Is John Lewis's admission yesterday that sales in its department stores last week were down nearly 5 per cent on a year earlier, following a fall of 1 per cent the week before, just a weather-induced blip, or is it a harbinger of something more serious to come. Few retailers outside the big supermarket chains are expecting a bumper Christmas, and some of them, particularly in the clothing sector, are positively dreading the festive season.
A profits warning this week from Austin Reed, together with news that like-for-like sales in the 15 weeks to 22 November were down a sickening 11.7 per cent, seemed to confirm the air of doom and gloom that has begun, this past couple of months, to hang over the retail sector. It is still too early to write Christmas off as a disaster for retailers. Christmas shopping has become more last minute in recent years than it used to be, with a growing proportion of buying concentrated towards the last two weeks. Yet it is small wonder that some on the high street fear the worst.
The Martin Hamblin GfK consumer confidence survey published earlier this week, the first such survey to be conducted since the November interest rate hike, showed that optimism has fallen to its lowest level since the start of the Iraq war and the aftermath of the 11 September terror attacks. Work it out for yourself. Even before the interest rate rise, which adds to the cost of a mortgage and other forms of debt, disposable incomes were falling, thanks largely to rising local and central government taxation. For the first time in quite some years, people are starting to feel just that little bit worse off.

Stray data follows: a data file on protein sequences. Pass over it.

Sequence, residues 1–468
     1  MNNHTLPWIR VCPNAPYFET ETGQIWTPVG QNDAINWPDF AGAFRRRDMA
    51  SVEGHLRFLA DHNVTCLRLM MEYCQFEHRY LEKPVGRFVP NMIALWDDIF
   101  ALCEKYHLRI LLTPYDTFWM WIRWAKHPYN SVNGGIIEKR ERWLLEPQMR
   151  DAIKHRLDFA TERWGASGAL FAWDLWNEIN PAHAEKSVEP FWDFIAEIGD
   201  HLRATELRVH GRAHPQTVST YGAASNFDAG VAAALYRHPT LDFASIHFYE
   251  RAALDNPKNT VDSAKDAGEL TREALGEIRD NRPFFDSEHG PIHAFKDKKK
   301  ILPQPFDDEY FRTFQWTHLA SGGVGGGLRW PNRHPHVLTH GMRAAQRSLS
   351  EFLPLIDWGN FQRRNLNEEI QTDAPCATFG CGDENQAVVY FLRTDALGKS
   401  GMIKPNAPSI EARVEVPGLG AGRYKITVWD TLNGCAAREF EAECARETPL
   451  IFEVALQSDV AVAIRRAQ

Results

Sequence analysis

More interest rate rises in combination with the near certainty of further rises in taxation spells only one thing. Less money for consumption. Up until now householders have been happy to fund the difference between their spending and income with ever higher levels of debt. That process may have reached its high water mark.
There are other factors at work too. Austin Reed, Marks & Spencer, Matalan, John Lewis, French Connection and the rest may be feeling the pinch, but there is no such squeeze at Britain's two leading supermarket chains, Tesco and Asda. Helped primarily by strong growth in non-food lines, sales are positively soaring. Long gone are the days when the supermarket groups confined themselves to food. Visit the Tesco Extra in Cardiff, a vast great warehouse of a place, and at least half the floor space is devoted to non food, from clothes, to toys and golf clubs, much of it selling at rock bottom prices. Salesman that he is, Tony De Nunzio, managing director of Asda, wears suits he buys at his own supermarkets. They are hardly Armani, but they are perfectly presentable and at £89 for something that would retail at more than £200 on the high street, who's going to be sniffy about them?